Proximity Theatre Company’s Shandy Wilkes

A Review of the Show at Center Stage Theater

Movement phrases with recurring motifs served to unify the production of Proximity Theatre Company’s <em>Shandy Wilkes</em>.
Courtesy Photo

Proximity Theatre Company takes its name from an improvisational exercise in which a group of actors makes a single shape with their bodies touching. “Coming into proximity” is more than a game for these young performers; it’s a metaphor for art, and for life.

“If you come together that way,” Proximity director Kyra Lehman once explained, “you can create beautiful stories.”

Along with her colleagues, composer Ken Urbina and playwright Karina Richardson, Lehman first presented The Marvelous Story of Shandy Wilkes in 2009. Richardson’s original script tells the story of a girl born with mirrors behind her eyes: mirrors that reflect whatever the person looking into those eyes most loathes about himself. Reworked this year for a cast of seven performers and four musicians, Shandy Wilkes is a playful, polished, and affecting work of physical theater.

Like Proximity itself, the play is concerned with human connection and lack thereof. Little Shandy, played by Chiara Perez del Campo, yearns, like all children, to be seen. Her mother refuses to look her daughter in the eyes, preferring to buy her designer sunglasses. As played by Richardson, Ms. Wilkes is shrill and fantastically narcissistic. The toes of her right foot are curled in on themselves in a manifestation of perpetual tension. Meanwhile, the kids at school—and even Principal Tupp (Ian Wexler)—learn to fear and shun Shandy. She finds solace in her imaginary friends: a hyperactive unicorn with a Cockney accent and a penchant for coconuts (Jake Himovitz), and a rather fastidious dragon concerned with Shandy’s moral development (Gabriela London). Himovitz also plays Hymn, the only boy at school too innocent to react to Shandy’s gaze, and later, the man who loves her.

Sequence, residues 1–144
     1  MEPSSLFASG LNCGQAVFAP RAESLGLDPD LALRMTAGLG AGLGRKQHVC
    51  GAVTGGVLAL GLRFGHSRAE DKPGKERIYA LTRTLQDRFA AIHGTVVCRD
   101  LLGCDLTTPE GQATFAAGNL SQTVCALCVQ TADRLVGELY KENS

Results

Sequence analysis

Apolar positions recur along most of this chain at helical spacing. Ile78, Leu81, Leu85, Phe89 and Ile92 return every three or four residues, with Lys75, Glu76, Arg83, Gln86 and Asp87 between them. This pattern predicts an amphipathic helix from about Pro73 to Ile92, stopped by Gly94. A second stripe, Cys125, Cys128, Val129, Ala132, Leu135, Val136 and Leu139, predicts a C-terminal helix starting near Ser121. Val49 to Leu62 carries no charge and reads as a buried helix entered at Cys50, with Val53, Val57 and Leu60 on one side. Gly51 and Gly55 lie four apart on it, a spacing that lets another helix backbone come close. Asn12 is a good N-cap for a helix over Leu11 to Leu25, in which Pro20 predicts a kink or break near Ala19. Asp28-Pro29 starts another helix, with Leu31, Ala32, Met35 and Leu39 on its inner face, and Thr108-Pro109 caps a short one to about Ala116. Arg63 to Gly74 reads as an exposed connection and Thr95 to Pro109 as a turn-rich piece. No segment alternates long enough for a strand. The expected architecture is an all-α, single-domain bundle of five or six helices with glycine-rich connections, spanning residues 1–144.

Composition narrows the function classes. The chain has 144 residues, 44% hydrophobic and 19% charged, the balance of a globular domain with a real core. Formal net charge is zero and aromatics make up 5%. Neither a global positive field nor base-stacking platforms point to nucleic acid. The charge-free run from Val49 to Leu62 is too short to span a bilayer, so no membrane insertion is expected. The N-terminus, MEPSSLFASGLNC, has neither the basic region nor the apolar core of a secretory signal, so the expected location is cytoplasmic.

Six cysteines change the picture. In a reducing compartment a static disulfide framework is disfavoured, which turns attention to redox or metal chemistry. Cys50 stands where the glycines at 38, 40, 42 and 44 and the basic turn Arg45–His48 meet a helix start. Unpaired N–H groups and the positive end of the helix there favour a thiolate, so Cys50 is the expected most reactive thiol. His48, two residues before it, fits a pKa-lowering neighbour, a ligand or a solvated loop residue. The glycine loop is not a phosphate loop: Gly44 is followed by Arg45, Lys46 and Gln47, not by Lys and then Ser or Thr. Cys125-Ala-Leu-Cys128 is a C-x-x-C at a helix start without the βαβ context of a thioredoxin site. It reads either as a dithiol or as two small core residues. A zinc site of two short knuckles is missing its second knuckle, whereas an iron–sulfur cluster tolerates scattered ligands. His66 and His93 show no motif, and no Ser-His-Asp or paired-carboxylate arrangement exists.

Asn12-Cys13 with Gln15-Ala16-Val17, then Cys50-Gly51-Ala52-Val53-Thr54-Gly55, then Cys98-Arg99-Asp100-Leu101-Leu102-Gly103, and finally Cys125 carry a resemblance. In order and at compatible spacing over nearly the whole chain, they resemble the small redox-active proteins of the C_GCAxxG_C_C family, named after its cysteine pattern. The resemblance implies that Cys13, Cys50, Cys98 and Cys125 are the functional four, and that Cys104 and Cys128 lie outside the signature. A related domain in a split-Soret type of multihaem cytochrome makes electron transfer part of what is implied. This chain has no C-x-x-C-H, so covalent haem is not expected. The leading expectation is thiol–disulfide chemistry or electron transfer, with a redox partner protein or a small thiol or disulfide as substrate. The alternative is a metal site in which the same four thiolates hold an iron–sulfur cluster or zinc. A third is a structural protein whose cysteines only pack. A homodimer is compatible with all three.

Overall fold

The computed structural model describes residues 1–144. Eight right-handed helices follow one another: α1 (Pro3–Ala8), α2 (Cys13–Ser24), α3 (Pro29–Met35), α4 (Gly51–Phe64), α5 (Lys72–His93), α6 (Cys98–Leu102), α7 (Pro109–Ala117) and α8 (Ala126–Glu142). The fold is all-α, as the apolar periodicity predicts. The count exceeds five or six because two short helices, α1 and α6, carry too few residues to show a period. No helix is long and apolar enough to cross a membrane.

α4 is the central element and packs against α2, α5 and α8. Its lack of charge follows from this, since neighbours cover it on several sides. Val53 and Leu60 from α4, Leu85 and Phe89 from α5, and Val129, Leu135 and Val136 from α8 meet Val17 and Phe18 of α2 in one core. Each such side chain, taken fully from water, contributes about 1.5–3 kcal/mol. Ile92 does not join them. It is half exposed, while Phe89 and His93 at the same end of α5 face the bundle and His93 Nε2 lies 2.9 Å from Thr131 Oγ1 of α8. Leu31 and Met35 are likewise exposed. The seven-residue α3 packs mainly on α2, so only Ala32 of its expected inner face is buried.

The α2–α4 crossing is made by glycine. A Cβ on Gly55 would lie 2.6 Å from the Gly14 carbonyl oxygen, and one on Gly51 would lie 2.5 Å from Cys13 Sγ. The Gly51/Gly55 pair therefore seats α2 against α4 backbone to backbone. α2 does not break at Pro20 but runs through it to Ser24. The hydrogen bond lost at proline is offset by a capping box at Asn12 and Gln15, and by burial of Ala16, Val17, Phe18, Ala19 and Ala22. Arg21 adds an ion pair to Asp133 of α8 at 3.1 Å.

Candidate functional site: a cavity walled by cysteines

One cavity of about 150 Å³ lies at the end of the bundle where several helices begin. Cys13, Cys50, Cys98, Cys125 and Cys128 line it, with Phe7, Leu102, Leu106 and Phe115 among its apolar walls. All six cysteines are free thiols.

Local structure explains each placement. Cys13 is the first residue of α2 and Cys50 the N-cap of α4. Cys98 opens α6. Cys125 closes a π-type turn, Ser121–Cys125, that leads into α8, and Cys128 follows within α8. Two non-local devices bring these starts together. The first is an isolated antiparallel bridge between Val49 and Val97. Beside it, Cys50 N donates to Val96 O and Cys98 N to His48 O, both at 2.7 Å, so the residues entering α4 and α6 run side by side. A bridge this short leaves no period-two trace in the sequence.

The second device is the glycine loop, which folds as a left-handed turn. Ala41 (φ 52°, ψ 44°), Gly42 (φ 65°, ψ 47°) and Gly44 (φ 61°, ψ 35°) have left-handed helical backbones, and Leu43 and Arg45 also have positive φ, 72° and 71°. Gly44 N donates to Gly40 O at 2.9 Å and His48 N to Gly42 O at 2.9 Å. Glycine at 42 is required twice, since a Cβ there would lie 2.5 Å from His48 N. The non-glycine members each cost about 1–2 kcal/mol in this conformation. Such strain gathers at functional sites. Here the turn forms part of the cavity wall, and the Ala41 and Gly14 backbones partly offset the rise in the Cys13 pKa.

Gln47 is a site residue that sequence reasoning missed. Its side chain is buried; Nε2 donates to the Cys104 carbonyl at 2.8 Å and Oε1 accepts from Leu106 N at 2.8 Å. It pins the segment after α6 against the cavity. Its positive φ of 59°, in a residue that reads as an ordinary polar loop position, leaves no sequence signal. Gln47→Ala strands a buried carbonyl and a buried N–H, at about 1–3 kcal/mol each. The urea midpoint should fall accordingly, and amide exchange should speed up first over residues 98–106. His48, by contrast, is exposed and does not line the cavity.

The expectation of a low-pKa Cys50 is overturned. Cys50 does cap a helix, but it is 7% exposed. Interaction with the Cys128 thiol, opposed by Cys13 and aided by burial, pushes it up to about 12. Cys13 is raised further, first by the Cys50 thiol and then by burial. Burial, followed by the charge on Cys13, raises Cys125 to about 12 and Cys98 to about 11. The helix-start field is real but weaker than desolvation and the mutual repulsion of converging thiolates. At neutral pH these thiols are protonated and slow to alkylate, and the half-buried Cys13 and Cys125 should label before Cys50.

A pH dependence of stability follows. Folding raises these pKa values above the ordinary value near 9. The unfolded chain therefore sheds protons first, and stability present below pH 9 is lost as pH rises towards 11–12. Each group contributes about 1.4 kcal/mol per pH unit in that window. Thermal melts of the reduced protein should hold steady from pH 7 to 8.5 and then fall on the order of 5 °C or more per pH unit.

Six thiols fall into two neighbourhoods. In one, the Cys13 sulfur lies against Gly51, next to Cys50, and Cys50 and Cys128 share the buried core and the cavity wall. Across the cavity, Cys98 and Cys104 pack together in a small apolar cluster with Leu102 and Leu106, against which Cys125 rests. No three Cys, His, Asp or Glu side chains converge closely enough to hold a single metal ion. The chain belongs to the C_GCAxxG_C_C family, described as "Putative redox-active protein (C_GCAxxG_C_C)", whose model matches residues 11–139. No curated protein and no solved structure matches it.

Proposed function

This year’s smaller cast requires most actors to play multiple characters, and much of the joy of this production happens in the transitions. Siena Perez del Campo is brilliant as Maria Carmen, Shandy’s sympathetic old granny. Then she whips off her glasses, drops her cane, and adopts a scowl to play Jess, the sarcasm-dripping, smack-talking teen. Her sidekick, Mol, is an equally believable adolescent (“I thought you gave me that hair tie,” she whines into her cell phone; “I thought you said it made you look fat”), but she’s also brilliant as Tabitha, the schmaltzy talk-show host with a gravelly smoker’s voice and a butt-twitching dance that signifies a commercial break.

Much of what drives Shandy happens downstage left, where Urbina and his fellow musicians create a stunning range of sounds: crashing cacophonies, catchy refrains, TV jingles, even well placed passages of silence.

What’s clear from this show is that Proximity brings both playfulness and earnest dedication to the work of pushing beyond fear and forging human connections. Hallelujah.


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